Sudan at a foreign policy crossroads, hesitates to make choices

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Hind Al Soulia - Riyadh - Signs Khartoum may be changing course away from wavering.

Making choices. Egyptian President Abdel Fattah el-Sisi (R) meets with General Mohamed Hamdan Dagalo, Deputy Head of Sudan’s Transitional Military Council (TMC), last March. (DPA)

Sudan’s transitional council has tried to adopt neutral foreign policies for about ten months now, but the results have been disappointing.

The transitional authority, with its twin branches the Sovereign Council and the government, and behind them the alliance of the forces of freedom and change, has avoided taking a stance on Sudan’s relationship with countries supporting extremist Islamist organisations that were behind many of the attempts of former regime supporters to return to power.

This has encouraged countries such as Turkey and Qatar to continue to support the Sudanese Islamist movement and its tributaries that still represent an imminent threat to the new authorities of Khartoum.

At the same time, the transitional authority has maintained good relations with the camp hostile to both Doha and Ankara, which is made up of Egypt, the UAE and Saudi Arabia.

While the Doha-Ankara camp was quite happy with the Sudanese formula of keeping the status quo, the other camp was not amused. It considered it a fraud that reflected a hidden desire to continue operating in the same opportunistic manner as former President Omar al-Bashir’s regime, which played on multiple strings at the same time.

The transitional authority did not completely embrace the axis supporting terrorism, but nevertheless kept open relations with it. It did the same with the opposite camp, which has shown a strong willingness to support the post-al-Bashir phase. In the end, the transitional authority seems to  have wavered between the two camps without achieving concrete results with either.

Khartoum likes to think of its neither-this-nor-that approach as a kind of useful flexibility, while observers describe it as a kind of harmful confusion. On the one hand, it encourages countries that have had good relations with the Bashir regime to target the new authorities and their institutions. On the other hand, it stops those who want to develop their current relations with the new authorities from accelerating their positive steps for fear of a setback midway.

Lately, however, Khartoum seems to have realised the wisdom of reconsidering its approach. It has decided to correct course on its foreign policy, starting with the Ethiopian scene. A few days ago, it turned down Addis Ababa’s proposal to complete a bilateral and partial agreement regarding the filling of the Grand Ethiopian Renaissance Dam.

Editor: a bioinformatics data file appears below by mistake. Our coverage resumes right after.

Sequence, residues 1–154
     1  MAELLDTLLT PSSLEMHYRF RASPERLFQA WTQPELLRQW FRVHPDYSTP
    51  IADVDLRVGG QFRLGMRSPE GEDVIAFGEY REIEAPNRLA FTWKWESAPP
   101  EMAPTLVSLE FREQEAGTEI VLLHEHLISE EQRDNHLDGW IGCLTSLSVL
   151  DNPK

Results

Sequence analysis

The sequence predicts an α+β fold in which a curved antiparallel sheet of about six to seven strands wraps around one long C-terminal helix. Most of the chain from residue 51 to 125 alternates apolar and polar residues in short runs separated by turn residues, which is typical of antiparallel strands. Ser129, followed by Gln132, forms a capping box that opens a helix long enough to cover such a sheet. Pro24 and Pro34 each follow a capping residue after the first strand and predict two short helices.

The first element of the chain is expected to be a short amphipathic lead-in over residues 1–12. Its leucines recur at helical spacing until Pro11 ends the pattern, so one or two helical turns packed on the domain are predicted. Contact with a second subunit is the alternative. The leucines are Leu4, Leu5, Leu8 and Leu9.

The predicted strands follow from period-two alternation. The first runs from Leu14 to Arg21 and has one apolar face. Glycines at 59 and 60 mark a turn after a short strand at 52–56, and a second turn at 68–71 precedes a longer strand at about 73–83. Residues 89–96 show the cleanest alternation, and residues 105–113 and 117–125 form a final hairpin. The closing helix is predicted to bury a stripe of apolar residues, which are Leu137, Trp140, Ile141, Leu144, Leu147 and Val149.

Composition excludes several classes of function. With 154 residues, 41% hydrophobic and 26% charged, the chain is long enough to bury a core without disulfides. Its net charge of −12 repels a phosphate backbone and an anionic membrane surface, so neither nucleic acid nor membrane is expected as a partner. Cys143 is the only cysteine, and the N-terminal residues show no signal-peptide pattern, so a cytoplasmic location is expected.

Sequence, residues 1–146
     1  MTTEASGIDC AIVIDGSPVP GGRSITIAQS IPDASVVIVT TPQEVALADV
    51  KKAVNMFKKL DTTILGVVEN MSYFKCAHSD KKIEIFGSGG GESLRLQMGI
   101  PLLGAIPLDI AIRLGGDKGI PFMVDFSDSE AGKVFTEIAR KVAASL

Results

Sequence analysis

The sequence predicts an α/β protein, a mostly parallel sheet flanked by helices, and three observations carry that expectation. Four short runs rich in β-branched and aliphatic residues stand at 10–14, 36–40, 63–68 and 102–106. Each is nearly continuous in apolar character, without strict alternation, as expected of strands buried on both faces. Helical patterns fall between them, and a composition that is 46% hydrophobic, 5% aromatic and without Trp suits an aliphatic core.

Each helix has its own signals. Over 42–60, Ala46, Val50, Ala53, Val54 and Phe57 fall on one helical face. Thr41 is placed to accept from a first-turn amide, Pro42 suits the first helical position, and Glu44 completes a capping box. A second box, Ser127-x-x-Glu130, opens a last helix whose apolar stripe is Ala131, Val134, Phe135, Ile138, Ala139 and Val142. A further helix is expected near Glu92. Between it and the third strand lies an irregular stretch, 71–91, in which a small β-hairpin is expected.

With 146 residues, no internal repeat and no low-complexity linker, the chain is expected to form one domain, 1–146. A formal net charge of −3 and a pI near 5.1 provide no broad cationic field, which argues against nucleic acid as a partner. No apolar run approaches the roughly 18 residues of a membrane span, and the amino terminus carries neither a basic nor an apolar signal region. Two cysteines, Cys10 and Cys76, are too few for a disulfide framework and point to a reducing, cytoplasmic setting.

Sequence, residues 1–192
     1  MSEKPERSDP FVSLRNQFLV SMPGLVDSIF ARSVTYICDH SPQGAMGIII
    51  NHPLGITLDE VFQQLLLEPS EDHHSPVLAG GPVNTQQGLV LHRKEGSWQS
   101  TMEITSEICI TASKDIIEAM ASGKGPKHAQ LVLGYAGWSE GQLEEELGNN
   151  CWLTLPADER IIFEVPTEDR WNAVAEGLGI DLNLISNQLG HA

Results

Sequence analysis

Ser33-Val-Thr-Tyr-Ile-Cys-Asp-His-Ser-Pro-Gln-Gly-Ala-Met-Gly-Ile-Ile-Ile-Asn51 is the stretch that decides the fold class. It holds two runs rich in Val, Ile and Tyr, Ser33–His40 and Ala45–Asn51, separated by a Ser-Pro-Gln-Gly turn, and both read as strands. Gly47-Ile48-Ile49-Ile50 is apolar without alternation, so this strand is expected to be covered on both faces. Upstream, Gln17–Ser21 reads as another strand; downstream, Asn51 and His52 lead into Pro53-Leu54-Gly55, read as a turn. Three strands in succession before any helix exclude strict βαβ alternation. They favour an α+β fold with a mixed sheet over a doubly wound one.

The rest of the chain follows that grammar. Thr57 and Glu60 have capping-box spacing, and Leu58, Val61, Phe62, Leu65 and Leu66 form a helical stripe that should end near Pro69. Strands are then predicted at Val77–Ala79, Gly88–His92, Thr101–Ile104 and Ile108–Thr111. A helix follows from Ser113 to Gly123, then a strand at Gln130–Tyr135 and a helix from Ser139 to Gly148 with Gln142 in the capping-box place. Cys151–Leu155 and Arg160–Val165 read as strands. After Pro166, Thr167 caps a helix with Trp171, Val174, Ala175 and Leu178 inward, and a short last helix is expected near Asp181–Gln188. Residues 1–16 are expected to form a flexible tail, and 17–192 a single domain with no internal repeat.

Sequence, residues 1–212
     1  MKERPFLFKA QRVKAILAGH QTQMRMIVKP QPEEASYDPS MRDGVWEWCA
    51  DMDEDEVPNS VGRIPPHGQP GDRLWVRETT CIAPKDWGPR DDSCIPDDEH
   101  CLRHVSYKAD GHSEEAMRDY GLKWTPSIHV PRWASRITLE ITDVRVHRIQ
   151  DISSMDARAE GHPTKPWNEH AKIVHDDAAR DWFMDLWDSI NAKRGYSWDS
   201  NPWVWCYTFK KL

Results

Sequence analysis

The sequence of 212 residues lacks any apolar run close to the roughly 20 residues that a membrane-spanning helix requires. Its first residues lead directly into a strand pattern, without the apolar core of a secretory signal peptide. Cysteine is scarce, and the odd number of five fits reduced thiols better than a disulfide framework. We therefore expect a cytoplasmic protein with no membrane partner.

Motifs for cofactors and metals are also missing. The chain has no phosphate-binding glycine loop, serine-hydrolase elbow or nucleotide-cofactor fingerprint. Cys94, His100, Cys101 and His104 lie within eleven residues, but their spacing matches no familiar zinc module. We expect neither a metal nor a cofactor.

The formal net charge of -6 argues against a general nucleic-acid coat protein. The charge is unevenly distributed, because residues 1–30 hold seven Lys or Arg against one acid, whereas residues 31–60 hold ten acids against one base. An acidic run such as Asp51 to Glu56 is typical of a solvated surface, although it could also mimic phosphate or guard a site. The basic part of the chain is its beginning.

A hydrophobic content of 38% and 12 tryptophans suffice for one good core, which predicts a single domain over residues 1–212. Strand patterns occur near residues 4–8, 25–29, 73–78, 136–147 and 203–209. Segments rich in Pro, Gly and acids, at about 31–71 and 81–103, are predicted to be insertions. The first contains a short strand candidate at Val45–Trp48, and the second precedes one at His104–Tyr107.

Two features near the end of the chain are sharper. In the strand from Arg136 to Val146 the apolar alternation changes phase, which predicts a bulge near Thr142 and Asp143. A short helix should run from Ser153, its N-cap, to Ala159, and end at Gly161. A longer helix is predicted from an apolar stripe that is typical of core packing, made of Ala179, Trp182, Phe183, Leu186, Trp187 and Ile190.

Sudanese Prime Minister Abdalla Hamdok announced his adherence to the tripartite negotiations, in other words involving Egypt as well, and called for the completion of the process started by the previous rounds of negotiations. What this means is that Sudan has given up what was described as its relation of “dependence” on Ethiopia in the latter’s crisis with Egypt.

Hamdok’s message was understood to indicate that Khartoum was reconsidering its position on the crisis, not out of love for Egypt, of course, but because Sudan has finally come to the conclusion that continuing with its former policy will harm its own water interests as well.

The transitional authority may end up staying in office beyond the 38-months period specified by the constitution. This is quite likely given the existing challenges and difficulties ahead in settling many files, especially as little concrete results have so far been accomplished. In other words, the temporary governing bodies may remain in place for a period during which temporary and piecemeal policies are of no value.

Choosing to take firm decisions on certain matters will undoubtedly lead to either greater or lesser citizen confidence in the transitional authority, depending on the outcomes. Positive outcomes will lead to greater confidence and vice versa. The transitional authority is then called upon to imagine scenarios where it will remain in power for a longer period and needs to free itself from the shackles that have restrained it so far, under the pretext that transitional stages require temporary visions and must avoid adopting categorical positions.

It remains to be seen what choice Sudanese leaders make. The losses incurred by Khartoum due to delay, caution, or hesitation have been disastrous for the country, while boldness, decisiveness and rigour in determining directions can put Sudan’s feet firmly on the path of real progress.

Mohamed Aboelfadl is an Egyptian writer.

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